The experts simulated changes in the sheet from the beginning of the Holocene epoch, around 12,000 years ago, and extending into the future up to 2100.   

Although the current rate of ice loss in Greenland is comparable to the highest rates during the Holocene, the researchers believe future rates are likely to exceed them. 

The research team’s data shows Greenland ice loss has veered below zero at points throughout the last 6,000 years, but is set to soar upwards at the end of the 21st century.   

In their simulations, the researchers found that the largest ice mass losses in the past, between 10,000 and 7,000 years ago, was at a rate of around 6,000 billion tonnes per century. 

This is similar to the estimated rate during the first two decades of this century (2000–2018) of around 6,100 billion tonnes per century. 

However, projected mass losses for the rest of this century are expected to exceed that maximum rate, they say.  

The melting of the Greenland Ice Sheet is also currently causing sea levels to rise by about 0.02 inches (0.7mm) per year. 

But the new model predicts it could reach somewhere between 0.07 inches and 0.27 inches (2mm to 7mm) per year by 2100. 

A rise in sea levels would see many cities around the world exposed to coastal flooding, which could lead to mass evacuations. 

Researchers also took into account the different climate eventualities as outlined in the UN Intergovernmental Panel on Climate Change’s ‘RCP’ system.

The RCP trajectory ranges from RCP1.9 – where global warming is limited below 2.7°F (1.5°C) as per the goal of the Paris Agreement – to the dreaded RCP8.5, where emissions continue to rise throughout the 21st century in a worst case scenario.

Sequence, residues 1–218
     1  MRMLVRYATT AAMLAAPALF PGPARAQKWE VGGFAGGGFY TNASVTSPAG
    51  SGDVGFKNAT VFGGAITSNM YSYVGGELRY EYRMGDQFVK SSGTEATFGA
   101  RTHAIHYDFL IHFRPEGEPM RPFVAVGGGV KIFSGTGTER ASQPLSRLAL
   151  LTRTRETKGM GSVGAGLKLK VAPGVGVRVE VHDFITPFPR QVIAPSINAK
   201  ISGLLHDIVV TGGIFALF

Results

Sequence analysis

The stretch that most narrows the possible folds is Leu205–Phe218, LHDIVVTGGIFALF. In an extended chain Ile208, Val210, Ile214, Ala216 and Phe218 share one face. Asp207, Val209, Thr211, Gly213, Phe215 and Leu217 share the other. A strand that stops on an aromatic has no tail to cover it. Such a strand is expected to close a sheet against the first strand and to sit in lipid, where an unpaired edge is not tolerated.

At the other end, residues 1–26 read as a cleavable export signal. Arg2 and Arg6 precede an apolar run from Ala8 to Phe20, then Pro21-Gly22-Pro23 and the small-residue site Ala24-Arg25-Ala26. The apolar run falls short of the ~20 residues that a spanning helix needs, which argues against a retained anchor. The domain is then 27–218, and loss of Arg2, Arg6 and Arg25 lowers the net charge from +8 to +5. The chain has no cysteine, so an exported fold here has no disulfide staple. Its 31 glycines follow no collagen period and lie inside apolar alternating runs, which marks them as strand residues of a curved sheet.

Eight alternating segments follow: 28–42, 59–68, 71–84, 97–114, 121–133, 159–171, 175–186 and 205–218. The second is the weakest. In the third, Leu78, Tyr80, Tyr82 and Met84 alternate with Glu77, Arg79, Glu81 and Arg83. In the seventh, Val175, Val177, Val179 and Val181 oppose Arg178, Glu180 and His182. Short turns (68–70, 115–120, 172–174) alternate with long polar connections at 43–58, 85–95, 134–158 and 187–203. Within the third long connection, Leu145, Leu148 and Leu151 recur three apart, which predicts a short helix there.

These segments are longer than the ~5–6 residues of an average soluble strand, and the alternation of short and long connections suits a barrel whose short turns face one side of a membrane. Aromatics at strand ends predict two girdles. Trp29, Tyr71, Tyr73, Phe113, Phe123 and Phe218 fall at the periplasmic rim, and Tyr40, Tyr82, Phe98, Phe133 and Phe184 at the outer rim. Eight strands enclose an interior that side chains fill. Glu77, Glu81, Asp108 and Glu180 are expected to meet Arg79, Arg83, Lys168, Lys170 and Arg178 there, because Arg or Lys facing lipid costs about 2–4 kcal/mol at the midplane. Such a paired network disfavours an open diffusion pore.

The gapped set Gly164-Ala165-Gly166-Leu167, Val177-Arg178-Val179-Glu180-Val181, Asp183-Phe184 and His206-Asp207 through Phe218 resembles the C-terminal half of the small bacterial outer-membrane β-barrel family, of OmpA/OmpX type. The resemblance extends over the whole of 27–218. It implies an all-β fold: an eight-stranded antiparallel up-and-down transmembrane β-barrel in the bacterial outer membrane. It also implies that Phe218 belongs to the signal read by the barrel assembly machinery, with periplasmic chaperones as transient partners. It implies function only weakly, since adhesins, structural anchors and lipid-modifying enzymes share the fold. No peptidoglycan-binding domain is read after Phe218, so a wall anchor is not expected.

Researchers used RCP2.6, where carbon dioxide emissions start declining by 2020 and reach zero by 2100, as a best case scenario. 

In the RCP2.6 scenario, the predicted mass loss is around 8,800 billion tonnes per century, the team found

The project focused on southwestern Greenland. Data shows Greenland ice loss has veered below zero at points throughout the last 6,000 years, but is set to soar upwards at the end of the 21st century

But this increases to around 35,900 billion tonnes in the scenario with the highest emissions, RCP8.5 – where emissions would continue to rise throughout the 21st century.

‘If the world goes on a massive energy diet, in line with RCP2.6, our model predicts that the Greenland Ice Sheet’s rate of mass loss this century will be only slightly higher than anything experienced in the past 12,000 year,’ said Professor Briner. 

‘But more worrisome is that under a high-emissions RCP8.5 scenario – the one the Greenland Ice Sheet is now following – the rate of mass loss could be about four times the highest values experienced under natural climate variability over the past 12,000 years.’  

The amount of ice lost this century could also reverse 4,000 years of cumulative ice growth and exceed previous mass-loss rates by about fourfold.